COVID-19 pandemic could expedite climate change response

The CPV Valley Energy Power Plant in Middleton, NY.
The CPV Valley Energy Power Plant in Middleton, NY.
Mellisa Blair/Shutterstock
The CPV Valley Energy Power Plant in Middleton, NY.

COVID-19 pandemic could expedite climate change response

New York’s financial regulator has hired its first climate director.
May 5, 2020

The coronavirus pandemic has been an unprecedented disaster for New York – and one that has injected a fresh sense of urgency into efforts to address climate change. With emissions falling as a result of stay-at-home orders and reduced productivity, there is even a chance of making substantial strides against the looming global emergency.

Activists are demanding divestment from fossil fuel companies. New York City Comptroller Scott Stringer is urging insurance companies to give up on coal. Major investors want an environmentally sustainable economic recovery. 

And in another small but significant sign that the matter is being taken more seriously, the state Department of Financial Services announced Tuesday that it was hiring Nina Chen as its first director of sustainability and climate initiatives, even as the agency grapples with COVID-19 and the economic slowdown it has wrought. 

Chen’s portfolio will include developing policy initiatives on a wide range of fronts, including sustainability, green finance and climate mitigation. But when it comes to helping businesses weather the changes of climate change, the MIT grad and Nature Conservancy alum will have one overarching goal, according to her new boss.

“She can help industry to engage in this very difficult job of trying to quantify what their risks are,” DFS Superintendent Linda Lacewell told City & State. “(Businesses) are going to be dealing with that on all sides.”

Hiring one person to begin discussions with big business will not change the state’s regulatory environment anytime soon. However, it does mark a pivot by the state when it comes to addressing a problem that could make the human and economic toll of the current pandemic appear mild by comparison. 

“The valuation of that can be tricky in standard financial terms” said Stuart Gruskin, the chief conservation officer for The Nature Conservancy New York. “You need the environmental stakeholders, the businesses stakeholders and the regulators at the table. It really has to be a real all hands on deck approach.” 

The new focus on climate change at the department comes as the state Climate Action Council, which was appointed by the governor and legislative leaders, develops plans to eliminate greenhouse gas emissions by 85% (based on 1990 levels) by 2050. While that timetable has made the state a national leader in setting climate goals, New York has some catching up to do with European countries like France and the U.K., according to Lacewell. “Climate change, prior to this pandemic, has been one of the biggest risks for big business,” she said. “The Europeans in many ways have been ahead of us on this, unfortunately.”

Efforts in the European Union have focused on creating a “green finance taxonomy” that would offer clarity to banks, money managers and insurers on what officially makes a business environmentally sustainable, according to Bloomberg News. The European Banking Authority plans to wrap up such work by 2025, but the current focus is on gathering data to assess just how climate change increases risk across the economy.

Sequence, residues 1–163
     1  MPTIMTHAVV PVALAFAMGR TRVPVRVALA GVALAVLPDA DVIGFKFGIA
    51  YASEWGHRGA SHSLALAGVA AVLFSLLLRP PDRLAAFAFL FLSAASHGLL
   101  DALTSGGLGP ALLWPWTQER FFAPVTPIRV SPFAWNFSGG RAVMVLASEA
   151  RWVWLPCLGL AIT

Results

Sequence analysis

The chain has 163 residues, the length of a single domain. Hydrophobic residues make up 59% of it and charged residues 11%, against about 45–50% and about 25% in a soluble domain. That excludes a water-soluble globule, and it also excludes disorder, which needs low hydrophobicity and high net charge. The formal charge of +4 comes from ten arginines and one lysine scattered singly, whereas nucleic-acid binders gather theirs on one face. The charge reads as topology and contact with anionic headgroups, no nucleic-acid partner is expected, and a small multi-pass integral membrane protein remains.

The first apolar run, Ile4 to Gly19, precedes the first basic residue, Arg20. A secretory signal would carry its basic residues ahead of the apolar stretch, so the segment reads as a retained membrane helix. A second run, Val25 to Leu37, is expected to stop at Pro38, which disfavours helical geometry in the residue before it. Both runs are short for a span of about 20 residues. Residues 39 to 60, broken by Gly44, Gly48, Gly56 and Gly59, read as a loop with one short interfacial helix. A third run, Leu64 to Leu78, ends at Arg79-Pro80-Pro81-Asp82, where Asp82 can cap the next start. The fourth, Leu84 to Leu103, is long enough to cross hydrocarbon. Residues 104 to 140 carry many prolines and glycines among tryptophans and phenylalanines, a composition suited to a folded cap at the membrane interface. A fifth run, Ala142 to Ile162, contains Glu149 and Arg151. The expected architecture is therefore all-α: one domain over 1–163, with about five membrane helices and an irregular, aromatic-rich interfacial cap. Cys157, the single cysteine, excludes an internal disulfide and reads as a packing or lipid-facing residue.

Measuring the success of such efforts can be difficult in the short term, according to Lacewell, who credited conversations with European regulators for inspiring the department’s new climate change effort in New York. More information has to be gathered on how industries like insurance are already factoring climate change into their financial plans. Only then can state regulators turn their attention towards creating a green new regulatory regime. 

While that will take years to develop, the hiring of Chen does send a signal, according to Lacewell. “When your regulator asks you what you're doing about something, the regulator is saying this is important,” Lacewell said. “And the industry reacts internally, to put more resources into getting their arms around that particular issue.”

Figuring out how to balance the competing interests in environmental projects was a big part of the work that Chen – who declined to comment for this story – did during her five years at The Nature Conservancy, where she directed the nonprofit’s conservation investments program. She previously worked at Goldman Sachs and the Royal Bank of Canada. 

With a chemical engineering doctorate from the Massachusetts Institute of Technology, Chen was described as “smart” by several people in the environmental movement. Her experience in both the financial and environmental sectors is inspiring confidence that the department is serious about taking its climate change efforts up to a new level – but the work is only beginning.

With President Donald Trump largely dismissive of the dangers of a warming planet, New York and other states have tried to fill a void. While the Climate Action Council will not release its plan for the state until 2022, the state will have to incorporate changes to the financial sector as soon as possible in order to meet the challenges of climate change. 

Getting someone in place to lead that effort sooner rather than later was a welcome development, according to state environmental leaders. “There are a lot of challenges up ahead,” said Richard Schrader, director of policy for the Natural Resources Defense Council of New York. “This is a good place to start.”

Correction: A previous version of this story incorrectly attributed calls on insurance companies to cut ties with the coal industry, which were actually made by New York City Comptroller Scott Stringer.

 

Zach Williams
is a staff reporter at City & State.
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